Virtual Machines

Virtual machines have become a valuable asset to a business. They function similarly to physical computers, and their software doesn’t interfere or tamper with the host’s software. Virtual machines may have more advanced capabilities that a host computer might not necessarily have. In addition, malware has a slim chance of infiltrating a virtual machine. If a virus is detected, the machine has the ability to shut down to avoid infection. All this to say, virtual machines have become a popular tool for IT organizations. Similar to a laptop, computer, or server, a virtual machine should have its own CI and its configuration records should be stored in the CMDB. If a server failure was to occur, recovery for the virtual machine could take minutes compared to hours, or even days, of recovery for a physical machine.

Track and Manage With Automated Asset Discovery

So, how do you locate all of these assets and keep them up to date within your ITSM solution? It’s nearly impossible for IT teams to track these items manually, especially since environments are constantly changing. A streamlined way to incorporate this asset data into service delivery is to choose an ITSM solution with a tool for automated discovery. A discovery tool builds the foundation for a CMDB, which can provide complete visibility of IT supported services, assets, and their interdependencies to enable smarter business decisions. Automated discovery provides versatility to identify whichever devices or data points are important to the organization. Different organizations have different needs, but most could make use of all of this asset data in some form or fashion.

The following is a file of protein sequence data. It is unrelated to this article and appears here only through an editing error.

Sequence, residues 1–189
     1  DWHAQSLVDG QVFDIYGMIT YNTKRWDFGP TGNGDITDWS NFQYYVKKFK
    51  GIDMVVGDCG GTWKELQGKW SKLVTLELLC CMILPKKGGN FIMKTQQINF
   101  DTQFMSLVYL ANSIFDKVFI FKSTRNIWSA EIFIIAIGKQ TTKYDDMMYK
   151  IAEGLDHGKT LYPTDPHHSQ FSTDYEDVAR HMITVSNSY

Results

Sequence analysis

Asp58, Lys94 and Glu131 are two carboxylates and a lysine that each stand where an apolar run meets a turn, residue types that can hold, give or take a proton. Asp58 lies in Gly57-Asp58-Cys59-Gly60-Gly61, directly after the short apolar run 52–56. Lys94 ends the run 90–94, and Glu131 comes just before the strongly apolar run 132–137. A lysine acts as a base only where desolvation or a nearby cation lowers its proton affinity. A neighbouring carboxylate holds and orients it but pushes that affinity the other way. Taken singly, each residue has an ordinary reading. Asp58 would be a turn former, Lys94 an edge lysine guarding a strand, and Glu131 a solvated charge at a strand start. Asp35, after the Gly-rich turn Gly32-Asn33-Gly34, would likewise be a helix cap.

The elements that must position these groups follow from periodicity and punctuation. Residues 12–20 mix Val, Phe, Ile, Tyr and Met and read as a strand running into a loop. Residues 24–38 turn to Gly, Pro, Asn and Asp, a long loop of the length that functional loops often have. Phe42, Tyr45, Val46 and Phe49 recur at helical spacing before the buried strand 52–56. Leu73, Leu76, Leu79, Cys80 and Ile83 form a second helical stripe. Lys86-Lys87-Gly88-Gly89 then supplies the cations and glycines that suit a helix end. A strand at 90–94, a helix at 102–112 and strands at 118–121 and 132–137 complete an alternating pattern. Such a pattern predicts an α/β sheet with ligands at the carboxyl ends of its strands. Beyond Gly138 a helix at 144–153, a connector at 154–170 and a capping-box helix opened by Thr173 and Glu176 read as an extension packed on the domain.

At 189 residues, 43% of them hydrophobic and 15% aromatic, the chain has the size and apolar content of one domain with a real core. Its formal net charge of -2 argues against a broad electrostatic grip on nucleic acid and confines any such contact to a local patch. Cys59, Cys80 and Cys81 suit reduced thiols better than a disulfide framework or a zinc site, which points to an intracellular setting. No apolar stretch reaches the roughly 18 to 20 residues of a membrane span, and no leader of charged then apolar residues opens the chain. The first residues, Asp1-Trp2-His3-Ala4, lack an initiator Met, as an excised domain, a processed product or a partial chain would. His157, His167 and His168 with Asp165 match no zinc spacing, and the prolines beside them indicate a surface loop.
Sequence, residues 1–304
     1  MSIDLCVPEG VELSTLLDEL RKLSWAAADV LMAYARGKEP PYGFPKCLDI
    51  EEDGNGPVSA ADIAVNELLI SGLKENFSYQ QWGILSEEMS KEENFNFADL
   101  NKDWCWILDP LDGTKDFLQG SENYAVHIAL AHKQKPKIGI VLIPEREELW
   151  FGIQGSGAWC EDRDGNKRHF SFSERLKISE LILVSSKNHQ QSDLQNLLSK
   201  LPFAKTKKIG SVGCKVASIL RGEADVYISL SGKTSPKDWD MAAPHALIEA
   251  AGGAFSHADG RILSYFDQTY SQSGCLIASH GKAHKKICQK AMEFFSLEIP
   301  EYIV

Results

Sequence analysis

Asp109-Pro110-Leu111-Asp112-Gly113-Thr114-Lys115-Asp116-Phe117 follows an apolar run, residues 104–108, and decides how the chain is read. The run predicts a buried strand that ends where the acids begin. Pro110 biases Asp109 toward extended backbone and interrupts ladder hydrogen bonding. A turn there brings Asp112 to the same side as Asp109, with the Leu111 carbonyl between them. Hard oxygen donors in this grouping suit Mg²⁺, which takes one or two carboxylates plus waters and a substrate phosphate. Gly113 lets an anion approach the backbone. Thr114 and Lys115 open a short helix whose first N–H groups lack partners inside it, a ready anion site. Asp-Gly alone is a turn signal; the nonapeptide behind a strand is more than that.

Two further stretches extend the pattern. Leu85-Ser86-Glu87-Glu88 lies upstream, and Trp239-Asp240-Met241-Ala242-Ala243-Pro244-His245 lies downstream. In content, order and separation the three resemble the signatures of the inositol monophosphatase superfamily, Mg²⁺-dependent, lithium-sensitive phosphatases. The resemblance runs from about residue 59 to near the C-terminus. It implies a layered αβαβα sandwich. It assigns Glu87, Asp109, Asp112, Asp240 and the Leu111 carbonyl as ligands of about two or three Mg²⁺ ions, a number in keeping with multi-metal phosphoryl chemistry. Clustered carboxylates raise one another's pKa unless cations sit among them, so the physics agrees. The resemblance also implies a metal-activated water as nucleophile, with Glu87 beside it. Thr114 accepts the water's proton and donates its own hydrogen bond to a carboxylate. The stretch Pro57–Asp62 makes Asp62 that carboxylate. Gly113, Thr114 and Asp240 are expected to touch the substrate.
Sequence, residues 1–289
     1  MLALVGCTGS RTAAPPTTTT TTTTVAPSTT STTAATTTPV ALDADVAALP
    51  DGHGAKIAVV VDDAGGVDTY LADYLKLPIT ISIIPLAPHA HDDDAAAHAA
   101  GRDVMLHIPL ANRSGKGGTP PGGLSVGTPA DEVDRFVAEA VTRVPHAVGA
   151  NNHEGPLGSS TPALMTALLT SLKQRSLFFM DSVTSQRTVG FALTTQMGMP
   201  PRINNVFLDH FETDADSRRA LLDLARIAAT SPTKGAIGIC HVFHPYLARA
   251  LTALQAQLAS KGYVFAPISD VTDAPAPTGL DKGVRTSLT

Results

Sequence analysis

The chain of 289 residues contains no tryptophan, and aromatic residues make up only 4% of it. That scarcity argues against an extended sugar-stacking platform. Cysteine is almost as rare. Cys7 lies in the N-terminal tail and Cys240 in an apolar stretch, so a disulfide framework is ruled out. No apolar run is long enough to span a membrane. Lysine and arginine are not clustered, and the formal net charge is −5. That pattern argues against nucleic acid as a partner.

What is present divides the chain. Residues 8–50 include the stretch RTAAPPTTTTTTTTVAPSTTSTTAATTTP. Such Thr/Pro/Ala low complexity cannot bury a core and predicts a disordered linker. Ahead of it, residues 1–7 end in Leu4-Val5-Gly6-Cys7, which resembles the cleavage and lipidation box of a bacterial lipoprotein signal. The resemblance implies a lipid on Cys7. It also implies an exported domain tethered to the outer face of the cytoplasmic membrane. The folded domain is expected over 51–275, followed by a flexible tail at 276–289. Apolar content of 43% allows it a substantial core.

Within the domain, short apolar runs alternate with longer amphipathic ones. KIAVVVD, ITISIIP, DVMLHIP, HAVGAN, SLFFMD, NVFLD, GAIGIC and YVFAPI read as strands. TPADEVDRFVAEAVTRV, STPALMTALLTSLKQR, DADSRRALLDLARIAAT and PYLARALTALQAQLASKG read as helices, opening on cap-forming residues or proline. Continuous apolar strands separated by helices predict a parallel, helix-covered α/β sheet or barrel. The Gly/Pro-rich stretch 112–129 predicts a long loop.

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Matt Cox
With nearly 15 years of experience in the IT industry, Matt Cox is a lover of creating technical solutions and successful customers. As the Senior…